There’s nothing more wonderful than seeing students reading books of their choice. Yes, actually reading! And as a teacher, there’s nothing more satisfying than to hear a student say, “I didn’t really read much, but since we’ve had to do independent reading, I’ve found some authors I really like.”
In my 7th and 8th -grade classes, independent reading takes place both in the classroom and at home. You’ll need to decide how much class time you can allot on a regular basis and then stick to it, and let the students know that they are also expected to continue their reading as an ongoing homework assignment. My classes meet for an hour, four times per week, so I provide 20 minutes every other class.
Here are some simple tricks to get your Reading Workshop running smoothly:
- Give it a name – Decide on something simple to call this time. In my class, we call it Book Club. That way, I can say, “Don’t forget, we have Book Club tomorrow,” and everyone understands.
- Make students accountable – I let students earn 5 points each “Book Club” for bringing their novel and reading (or working on their Book Response, as I will discuss later). I tell students that this is instructional time, and 5 points might not seem like much, but they add up quickly because we have Book Club so often. Assigning points is a key motivating factor in helping them remember to bring their books—they do want to earn their points! Now, do I mark my grade book with a 5 every time? NO! That would be too much bother. I simply print out my rosters, take a clipboard around and make notes. If a student doesn’t have his/her book, I mark NB (no book). At the end of the quarter, I count up the Book Clubs we had (in my plan book) and multiply by 5. For me, it adds up to around 60-65 points. I then make the deductions for students with NBs.
- Provide some alternate reading materials – For students who come without their books, it’s crucial to have some interesting reading materials (think teen and sports magazines, Ripley’s Believe It or Not, Book of World Records, etc.) so the climate of your Book Club is preserved. After all, the goal is that everybody is reading! It’s really pointless for a student who forgets her novel to pick up another novel from your classroom library (if you have one) because she probably won’t really be connecting with it. That’s why the magazines and non-fiction books are a must. I tell students that if they forget their novel, I will give them ONE “grace” period, where they can still get their 5 points if they read the alternate materials (because everyone forgets sometimes). After that, they will still be required to read silently, but they can’t receive their points.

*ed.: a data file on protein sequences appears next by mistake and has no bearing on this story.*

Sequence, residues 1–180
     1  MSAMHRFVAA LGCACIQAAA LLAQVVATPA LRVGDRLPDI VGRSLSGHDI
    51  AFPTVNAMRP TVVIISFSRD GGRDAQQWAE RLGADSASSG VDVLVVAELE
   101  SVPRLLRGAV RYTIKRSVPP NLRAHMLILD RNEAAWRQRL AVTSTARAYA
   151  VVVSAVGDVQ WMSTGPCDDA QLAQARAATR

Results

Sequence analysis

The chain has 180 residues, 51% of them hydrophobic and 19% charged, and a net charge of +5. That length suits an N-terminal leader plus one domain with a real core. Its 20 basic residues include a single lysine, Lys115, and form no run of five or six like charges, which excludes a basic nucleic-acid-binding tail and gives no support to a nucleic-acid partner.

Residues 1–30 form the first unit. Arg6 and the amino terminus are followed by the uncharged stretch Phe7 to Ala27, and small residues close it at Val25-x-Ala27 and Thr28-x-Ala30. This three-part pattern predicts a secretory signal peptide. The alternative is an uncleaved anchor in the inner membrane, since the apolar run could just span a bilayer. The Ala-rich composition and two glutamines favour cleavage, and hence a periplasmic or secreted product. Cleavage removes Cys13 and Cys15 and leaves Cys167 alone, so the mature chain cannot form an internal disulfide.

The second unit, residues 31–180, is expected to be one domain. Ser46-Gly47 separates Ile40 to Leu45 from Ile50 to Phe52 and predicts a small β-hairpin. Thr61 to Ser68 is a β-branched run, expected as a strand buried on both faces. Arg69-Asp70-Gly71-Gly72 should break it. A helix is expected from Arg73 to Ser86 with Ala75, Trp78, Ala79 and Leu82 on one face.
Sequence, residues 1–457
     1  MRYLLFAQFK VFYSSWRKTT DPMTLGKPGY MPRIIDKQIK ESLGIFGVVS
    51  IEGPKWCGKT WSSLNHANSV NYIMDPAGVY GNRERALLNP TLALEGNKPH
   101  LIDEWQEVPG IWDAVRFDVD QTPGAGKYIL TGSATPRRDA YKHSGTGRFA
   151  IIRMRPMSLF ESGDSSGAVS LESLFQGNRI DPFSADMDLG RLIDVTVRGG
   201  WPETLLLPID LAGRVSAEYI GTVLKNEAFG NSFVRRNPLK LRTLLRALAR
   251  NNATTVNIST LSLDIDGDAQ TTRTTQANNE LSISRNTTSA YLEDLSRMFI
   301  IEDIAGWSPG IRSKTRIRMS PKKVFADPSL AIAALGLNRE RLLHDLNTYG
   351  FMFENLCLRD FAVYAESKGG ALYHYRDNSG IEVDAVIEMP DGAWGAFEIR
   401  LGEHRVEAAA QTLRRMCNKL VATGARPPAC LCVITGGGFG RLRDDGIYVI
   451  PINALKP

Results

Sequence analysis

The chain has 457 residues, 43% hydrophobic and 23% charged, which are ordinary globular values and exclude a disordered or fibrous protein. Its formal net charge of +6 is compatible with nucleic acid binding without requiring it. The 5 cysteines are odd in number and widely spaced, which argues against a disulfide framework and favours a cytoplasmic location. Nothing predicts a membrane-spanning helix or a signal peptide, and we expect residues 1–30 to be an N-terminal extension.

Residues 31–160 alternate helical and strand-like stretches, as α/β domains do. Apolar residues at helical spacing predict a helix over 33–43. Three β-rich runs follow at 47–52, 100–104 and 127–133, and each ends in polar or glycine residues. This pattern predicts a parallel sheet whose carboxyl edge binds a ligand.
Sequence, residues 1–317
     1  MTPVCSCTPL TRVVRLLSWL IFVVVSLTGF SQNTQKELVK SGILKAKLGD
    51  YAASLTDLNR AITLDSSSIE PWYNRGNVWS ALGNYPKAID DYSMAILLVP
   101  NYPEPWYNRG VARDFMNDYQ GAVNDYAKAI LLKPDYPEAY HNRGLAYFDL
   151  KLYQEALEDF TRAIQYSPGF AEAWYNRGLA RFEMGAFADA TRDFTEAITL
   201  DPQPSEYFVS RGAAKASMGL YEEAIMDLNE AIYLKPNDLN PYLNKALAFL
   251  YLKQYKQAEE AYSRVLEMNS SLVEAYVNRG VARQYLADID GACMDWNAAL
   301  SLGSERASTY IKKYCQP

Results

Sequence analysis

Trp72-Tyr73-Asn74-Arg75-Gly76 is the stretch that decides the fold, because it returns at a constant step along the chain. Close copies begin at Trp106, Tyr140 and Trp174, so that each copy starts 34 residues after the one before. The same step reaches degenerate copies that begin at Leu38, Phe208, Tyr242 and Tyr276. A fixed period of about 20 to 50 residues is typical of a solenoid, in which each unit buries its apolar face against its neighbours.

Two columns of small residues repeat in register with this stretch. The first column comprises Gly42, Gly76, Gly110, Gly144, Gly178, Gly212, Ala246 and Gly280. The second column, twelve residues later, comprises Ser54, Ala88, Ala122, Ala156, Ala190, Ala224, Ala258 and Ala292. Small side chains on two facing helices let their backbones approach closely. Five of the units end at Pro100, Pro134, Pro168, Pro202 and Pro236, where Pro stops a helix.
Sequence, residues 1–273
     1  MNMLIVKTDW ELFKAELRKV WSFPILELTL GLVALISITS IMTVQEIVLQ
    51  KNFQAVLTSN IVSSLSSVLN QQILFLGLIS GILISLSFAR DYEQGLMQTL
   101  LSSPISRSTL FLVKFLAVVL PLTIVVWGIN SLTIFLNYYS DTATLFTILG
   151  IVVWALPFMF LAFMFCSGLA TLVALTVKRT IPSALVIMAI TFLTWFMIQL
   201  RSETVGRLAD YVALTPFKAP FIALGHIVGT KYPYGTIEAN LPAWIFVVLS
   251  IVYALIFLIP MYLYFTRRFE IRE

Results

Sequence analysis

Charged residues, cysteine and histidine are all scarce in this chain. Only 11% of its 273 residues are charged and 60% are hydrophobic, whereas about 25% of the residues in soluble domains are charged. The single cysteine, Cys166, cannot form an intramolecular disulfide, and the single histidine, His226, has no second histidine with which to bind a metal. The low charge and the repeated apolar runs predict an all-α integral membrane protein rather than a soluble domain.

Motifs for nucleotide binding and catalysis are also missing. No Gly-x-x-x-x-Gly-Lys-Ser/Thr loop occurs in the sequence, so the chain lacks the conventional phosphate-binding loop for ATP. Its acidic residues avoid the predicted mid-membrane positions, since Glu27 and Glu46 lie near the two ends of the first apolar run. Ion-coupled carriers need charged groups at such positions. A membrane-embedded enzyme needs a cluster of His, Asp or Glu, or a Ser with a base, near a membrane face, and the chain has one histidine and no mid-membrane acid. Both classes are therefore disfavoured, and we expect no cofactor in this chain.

- Assign an assessment – To me, a reading workshop means that some students will be reading and some students will be writing about their reading. As teachers, we need to provide opportunities for student to demonstrate their comprehension and analysis of the books they’ve chosen. Some students will need to pause in their reading and work on their written response, and others will finish a book in a short time, and be ready to work on the assignment. Give out your assessment just after students choose their books, so they can be using strategies such as sticky notes (if necessary) to keep track of their ideas. In my classes, I refer to the written assignment as the Book Response. Students who are working on their Book Response must have their directions sheet out on their desk (I use colored paper for the top sheet) AND their novel.
- Put your expectations in writing – I always pass out a handout with the requirements for the Reading Workshop. We go over it aloud together and there’s even a little quiz-like “check” at the bottom. Students then know exactly how it works! On the handout, I include the fact that it’s a silent time, how often and how long, the points they will receive, and the fact that they must be either reading OR working on their Book Response with their book and directions out on their desk. Students keep the handout in their English binders–it comes in handy as a reminder.
Click for a look at my student handout:
- Climate is everything – It’s best to maintain a quiet atmosphere so your students can be truly engrossed in their reading and writing. Resist the urge to chat with a colleague or speak with a student in full voice. If you whisper to your students when checking on their reading status, or if they want to sign out a book, etc., you send the message that everyone deserves this quiet time to concentrate on their books!
- Stay the course – Try your hardest to keep Reading Workshop time “sacred.” Stick to the scheduled days and times so students see that their independent reading is a valuable use of instructional time. They need to get into the routine of bringing their novels to class those days and times.
There you have it! I really look forward to our Book Club time! If you don’t have a classroom library yet, no worries! You can take your students to the school library to check out books, which is exactly what I did when I started my reading workshop back in 1995!
And don’t forget, we are differentiating when each student is reading a book of choice at his or her own reading level.
Here are three Book Response assignments I created that you might like. Each allows for differentiation.